Ed Driscoll

Shouldn't They Ask, "Why Do They Hate Us" Before Lashing Out?

Much like Abu Ghraib was clamped down by the Army long before the press even knew about it, Glenn Reynolds and John Podhoretz catch the New York Times taking a report of prisoner abuse in Afghanistan in December of 2002 and hyping it into the stratosphere. Podhoretz writes:

The New York Times continues the bizarre act of carrying Newsweek’s water in the wake of the false Koran-desecration story (which I write about this morning here). The paper’s lead story is a lurid account of the vicious treatment of two Afghan prisoners by U.S. soldiers — events that occurred in December 2002 and for which seven servicemen have been properly punished. Let me repeat that: December 2002. That’s two and a half years ago. Every detail published by the Times comes from a report done by the U.S. military, which did the investigating and the punishing. The publication of this piece this week is an effort not to get at the truth, not to praise the military establishment for rooting out the evil being done, but to make the point that the United States is engaged in despicable conduct as it fights the war on terror. In the name of covering the behinds of media colleagues, all is fair in hate and war.

(Emphasis added.) One of Glenn’s readers notes that the men involved haven’t been punished yet–because their trial is currently underway. “Fair point” Glenn adds, “but it’s not like the NYT is breaking news here”.

Expect more stories like this from a media, Jim Geraghty writes, that after the Newsweek debacle, would rather lash out indiscriminately (all the way to playing variations on the Chickenhawk sophism as ABC’s Terry Moran did to Hugh Hewitt earlier this week) than wonder what the root causes are of so much of their distrust by the American public.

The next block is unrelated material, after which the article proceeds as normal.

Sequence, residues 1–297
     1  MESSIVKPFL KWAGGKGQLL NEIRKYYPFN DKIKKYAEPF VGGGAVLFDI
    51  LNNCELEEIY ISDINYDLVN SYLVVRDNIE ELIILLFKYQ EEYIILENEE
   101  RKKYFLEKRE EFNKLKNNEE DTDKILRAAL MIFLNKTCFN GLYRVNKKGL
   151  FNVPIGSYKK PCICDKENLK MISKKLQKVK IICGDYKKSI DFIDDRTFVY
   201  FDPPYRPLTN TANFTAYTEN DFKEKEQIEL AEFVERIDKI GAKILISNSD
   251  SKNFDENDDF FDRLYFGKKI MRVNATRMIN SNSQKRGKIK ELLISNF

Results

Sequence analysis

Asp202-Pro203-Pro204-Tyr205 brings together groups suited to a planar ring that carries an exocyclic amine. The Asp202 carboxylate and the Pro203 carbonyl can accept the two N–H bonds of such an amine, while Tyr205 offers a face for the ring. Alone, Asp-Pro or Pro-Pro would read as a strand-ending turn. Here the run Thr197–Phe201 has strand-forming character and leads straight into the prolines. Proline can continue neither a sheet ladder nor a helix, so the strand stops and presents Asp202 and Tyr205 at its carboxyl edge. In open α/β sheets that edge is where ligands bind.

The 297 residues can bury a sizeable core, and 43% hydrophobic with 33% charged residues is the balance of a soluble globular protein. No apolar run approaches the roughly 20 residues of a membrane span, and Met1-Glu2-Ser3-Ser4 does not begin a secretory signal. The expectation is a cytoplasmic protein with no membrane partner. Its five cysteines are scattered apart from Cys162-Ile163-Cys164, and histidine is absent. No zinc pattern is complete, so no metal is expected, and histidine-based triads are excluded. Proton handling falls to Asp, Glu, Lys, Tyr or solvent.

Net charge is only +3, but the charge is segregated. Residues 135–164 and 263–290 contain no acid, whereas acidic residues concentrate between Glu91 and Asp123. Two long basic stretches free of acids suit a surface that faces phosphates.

But at least after that badly reactionary stumble, Moran was willing to admit to Hugh that the media has a huge problem when the news they report about America’s military is almost always guaranteed to be negative, rather than a more balanced–even nuanced–approach:

There is, Hugh, I agree with you, a deep anti-military bias in the media. One that begins from the premise that the military must be lying, and that American projection of power around the world must be wrong. I think that that is a hangover from Vietnam, and I think it’s very dangerous. That’s different from the media doing its job of challenging the exercise of power without fear or favor.

Geraghty looks at how the media’s hatred of the military has caused journalism standards to slip badly at not just at Newsweek, but much of the mainstream media in general:

We know what’s going on. What was the one moment that things looked darkest for the Bush presidency in the last three and a half years? During the endless all-Abu-Ghraib, all-the-time abuse coverage festival from last spring. When references to the prison abuse scandal were cropping up on the Washington Post